Greetings from my new home office, aka the bathroom! Just kidding (or am I?). While working from home with two small kids isn’t quite that dire, I’ll admit to some dicey moments where locking myself in the bathroom actually felt like a good idea. But amazingly, it’s all starting to feel way more normal than any of us ever felt possible back in mid-March.
While we’re stuck at home for the time being (and the foreseeable future), we’ve had to quickly adapt to new ways of working. This means creating new rituals for staying in touch, collaborating, and keeping ourselves mentally sharp.
Since we’re all going through this together, we wanted to share a few things we Berrians have learned, as we plow through and continue to proudly wave the “Good UX” flag from our various quarantined locations. We hope they might be inspiring to you!
Connecting with teammates is more important than ever before
Cloudberry has instilled a new daily ritual, a replacement, of sorts, for the moment when we’d step off the elevator and groggily say “good morning” to our colleagues. Now, each morning, every Berrian posts a morning greeting on Slack, somewhere between 8:00-9:30am. This may seem frivolous, and perhaps unnecessary. And sure, sometimes it can feel like a bit of a chore. But imagine how it would feel if we didn’t do this. If we woke up in our disparate locations, hopped on our laptops to check email and jump into the day’s tasks without this small (yet important) friendly and very human moment, we’d probably quickly start to feel disconnected from each other. This small act reminds us daily that we are still a team, no matter what.
People have zero tolerance for failing collaboration software
We’ve witnessed a huge amount of empathy, understanding, and forgiveness during these weird times amongst our colleagues and clients alike. Need a little more time to finish up those wireframes? No sweat. Got a screaming kid in the background of our call? We feel for ya. It goes without saying that everyone is up against some serious challenges. However, one thing we realized early on was that this feeling of forgiveness simply doesn’t extend to failing technology. During our first “work at home” week we (and many other companies) experienced serious failures and outages with virtual meeting software such as Webex and Uber Conference. Without skipping a beat, we switched to Zoom, which isn’t perfect, but has been a lot more stable during this time than any other platform we tried. Be sure to install the latest version, which has an important security update (hopefully limiting the amount of llamas crashing your call).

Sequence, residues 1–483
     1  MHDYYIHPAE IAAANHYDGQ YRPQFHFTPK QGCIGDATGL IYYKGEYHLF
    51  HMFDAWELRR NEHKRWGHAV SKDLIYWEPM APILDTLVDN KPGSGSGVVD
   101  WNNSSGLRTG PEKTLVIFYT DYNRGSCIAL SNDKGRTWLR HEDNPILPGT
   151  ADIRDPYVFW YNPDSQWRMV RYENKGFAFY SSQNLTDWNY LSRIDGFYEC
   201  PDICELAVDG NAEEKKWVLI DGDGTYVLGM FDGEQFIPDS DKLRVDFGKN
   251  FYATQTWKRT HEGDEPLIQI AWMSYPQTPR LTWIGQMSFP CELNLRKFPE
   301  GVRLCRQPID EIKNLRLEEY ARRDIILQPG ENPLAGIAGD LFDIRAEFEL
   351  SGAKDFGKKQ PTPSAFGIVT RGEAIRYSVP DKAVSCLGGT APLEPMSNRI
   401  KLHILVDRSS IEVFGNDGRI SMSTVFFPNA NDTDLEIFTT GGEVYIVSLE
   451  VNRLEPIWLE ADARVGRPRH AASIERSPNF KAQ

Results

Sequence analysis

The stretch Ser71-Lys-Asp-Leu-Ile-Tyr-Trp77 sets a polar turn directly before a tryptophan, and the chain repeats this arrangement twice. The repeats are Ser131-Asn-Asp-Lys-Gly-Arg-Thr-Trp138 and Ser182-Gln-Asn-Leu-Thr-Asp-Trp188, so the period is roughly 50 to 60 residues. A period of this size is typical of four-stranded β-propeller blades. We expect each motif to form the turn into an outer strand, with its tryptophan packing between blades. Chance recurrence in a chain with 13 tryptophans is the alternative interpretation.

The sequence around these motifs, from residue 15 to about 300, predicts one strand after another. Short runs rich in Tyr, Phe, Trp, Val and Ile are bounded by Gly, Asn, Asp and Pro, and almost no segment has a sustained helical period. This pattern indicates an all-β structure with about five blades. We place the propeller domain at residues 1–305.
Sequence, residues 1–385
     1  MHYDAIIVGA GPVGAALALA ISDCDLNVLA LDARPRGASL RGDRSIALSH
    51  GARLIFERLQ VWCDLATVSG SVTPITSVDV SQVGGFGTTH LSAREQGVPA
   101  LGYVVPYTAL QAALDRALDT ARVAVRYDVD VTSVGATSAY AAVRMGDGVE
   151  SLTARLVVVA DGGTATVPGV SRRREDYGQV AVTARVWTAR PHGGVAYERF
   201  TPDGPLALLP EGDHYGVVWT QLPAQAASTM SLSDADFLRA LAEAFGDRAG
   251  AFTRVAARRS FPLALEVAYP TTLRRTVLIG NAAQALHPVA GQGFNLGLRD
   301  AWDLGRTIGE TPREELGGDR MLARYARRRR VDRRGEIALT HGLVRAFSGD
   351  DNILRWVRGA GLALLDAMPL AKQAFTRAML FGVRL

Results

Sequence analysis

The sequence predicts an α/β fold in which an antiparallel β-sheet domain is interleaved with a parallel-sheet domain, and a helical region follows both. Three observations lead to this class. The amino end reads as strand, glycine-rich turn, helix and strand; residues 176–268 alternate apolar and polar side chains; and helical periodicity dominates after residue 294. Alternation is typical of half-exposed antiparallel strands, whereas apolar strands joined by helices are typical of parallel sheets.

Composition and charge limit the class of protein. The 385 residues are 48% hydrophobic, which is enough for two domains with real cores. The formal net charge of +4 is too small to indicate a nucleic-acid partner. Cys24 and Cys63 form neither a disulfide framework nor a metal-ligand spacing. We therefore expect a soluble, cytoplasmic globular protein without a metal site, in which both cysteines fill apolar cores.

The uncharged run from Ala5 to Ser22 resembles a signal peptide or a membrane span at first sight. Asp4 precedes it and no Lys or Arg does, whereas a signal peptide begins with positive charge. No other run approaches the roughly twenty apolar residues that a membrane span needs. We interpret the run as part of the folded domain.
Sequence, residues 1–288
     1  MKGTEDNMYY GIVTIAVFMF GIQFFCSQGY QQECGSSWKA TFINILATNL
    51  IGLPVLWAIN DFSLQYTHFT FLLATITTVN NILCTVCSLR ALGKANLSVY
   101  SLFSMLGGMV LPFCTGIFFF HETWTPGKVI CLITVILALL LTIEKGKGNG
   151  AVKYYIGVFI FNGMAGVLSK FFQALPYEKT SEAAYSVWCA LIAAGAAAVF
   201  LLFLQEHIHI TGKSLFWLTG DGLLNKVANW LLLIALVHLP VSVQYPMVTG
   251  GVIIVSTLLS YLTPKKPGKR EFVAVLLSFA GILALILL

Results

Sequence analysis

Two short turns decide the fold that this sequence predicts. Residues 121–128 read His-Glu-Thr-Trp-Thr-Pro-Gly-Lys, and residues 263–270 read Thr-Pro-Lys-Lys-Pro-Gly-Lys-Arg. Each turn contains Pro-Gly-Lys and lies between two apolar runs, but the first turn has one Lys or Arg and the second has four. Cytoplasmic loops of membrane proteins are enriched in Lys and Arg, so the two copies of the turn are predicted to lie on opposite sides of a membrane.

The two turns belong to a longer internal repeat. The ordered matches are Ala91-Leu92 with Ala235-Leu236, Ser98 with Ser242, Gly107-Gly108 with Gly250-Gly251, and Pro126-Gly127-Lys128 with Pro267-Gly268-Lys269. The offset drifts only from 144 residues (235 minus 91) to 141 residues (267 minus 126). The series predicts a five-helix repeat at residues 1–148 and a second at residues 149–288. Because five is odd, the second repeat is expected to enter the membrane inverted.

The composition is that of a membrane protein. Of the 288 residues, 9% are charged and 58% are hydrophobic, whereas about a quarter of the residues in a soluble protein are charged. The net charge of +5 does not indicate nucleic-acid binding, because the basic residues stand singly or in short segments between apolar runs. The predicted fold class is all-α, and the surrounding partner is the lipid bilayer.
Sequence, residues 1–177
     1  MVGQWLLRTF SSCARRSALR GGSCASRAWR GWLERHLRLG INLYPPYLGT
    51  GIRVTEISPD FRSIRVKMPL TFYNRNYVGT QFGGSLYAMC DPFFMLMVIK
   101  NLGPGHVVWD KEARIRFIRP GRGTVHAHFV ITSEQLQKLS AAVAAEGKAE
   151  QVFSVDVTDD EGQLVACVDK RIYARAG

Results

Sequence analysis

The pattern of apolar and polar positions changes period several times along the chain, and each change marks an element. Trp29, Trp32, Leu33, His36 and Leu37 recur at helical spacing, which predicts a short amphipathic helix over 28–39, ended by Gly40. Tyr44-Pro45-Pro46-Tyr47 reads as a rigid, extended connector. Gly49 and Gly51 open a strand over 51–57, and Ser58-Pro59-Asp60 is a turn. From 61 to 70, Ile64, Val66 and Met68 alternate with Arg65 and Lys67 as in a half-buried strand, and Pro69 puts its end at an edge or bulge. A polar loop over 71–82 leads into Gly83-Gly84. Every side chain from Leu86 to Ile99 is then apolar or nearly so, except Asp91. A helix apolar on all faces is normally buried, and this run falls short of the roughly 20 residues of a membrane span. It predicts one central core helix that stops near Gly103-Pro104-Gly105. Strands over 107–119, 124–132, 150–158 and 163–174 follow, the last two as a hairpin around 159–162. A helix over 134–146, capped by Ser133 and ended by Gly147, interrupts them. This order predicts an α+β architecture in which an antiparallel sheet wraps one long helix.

This is a great time for professional development
While our days blend into each other and weekends have come to mean nothing at all, the fact is that many of us have some extra time on our hands, and are looking for opportunities to engage more deeply in our craft, sharpen our skills, or learn something new. Luckily, there are plenty of avenues available to us for professional development.
My fellow Berrian, Lars Lindahl (Senior UX Architect), collected this list of suggestions for your consideration.
Subscribe to newsletters & podcasts – At this time of reflection, the internet is providing a wealth of content, and UX writing is no exception. Here are a few of our favorites:
Attend virtual conferences – Conferences are switching to virtual and discounted admission prices. Here are a few that look interesting to us:
Review and critique past work – Clients trust your expertise. This is a great time to look back at your previous projects, and fine-tune your perspectives on user behavior. Collect and organize past findings in a single space for easier reference. You may discover new insights along the way.
Take this time to be curious on a larger scale – Analytics are generally used strategically to answer specific questions around a given assignment. Why not explore analytics across longer periods of time, set up recurring reports, and customize your analytics dashboard. On a more sweeping scale, you may discover insights and opportunities that normally are overlooked.
On a final note, we are more proud than ever to be UX designers. The design of so many websites and apps has been impacted by this pandemic, and the UX designer plays a pivotal role in this fast-paced process. Notice how items on a page are presented to draw one’s attention; Or how content strategy is scripted to emphasize clarity and reassurance; Or how navigation to need-to-know information is set up. The list goes on. It’s our firm belief that UX design is more important than ever, especially as we navigate a host of new experiences digitally: distance learning, telehealth, and even the experience of working from home.
Stay safe, and thanks for reading!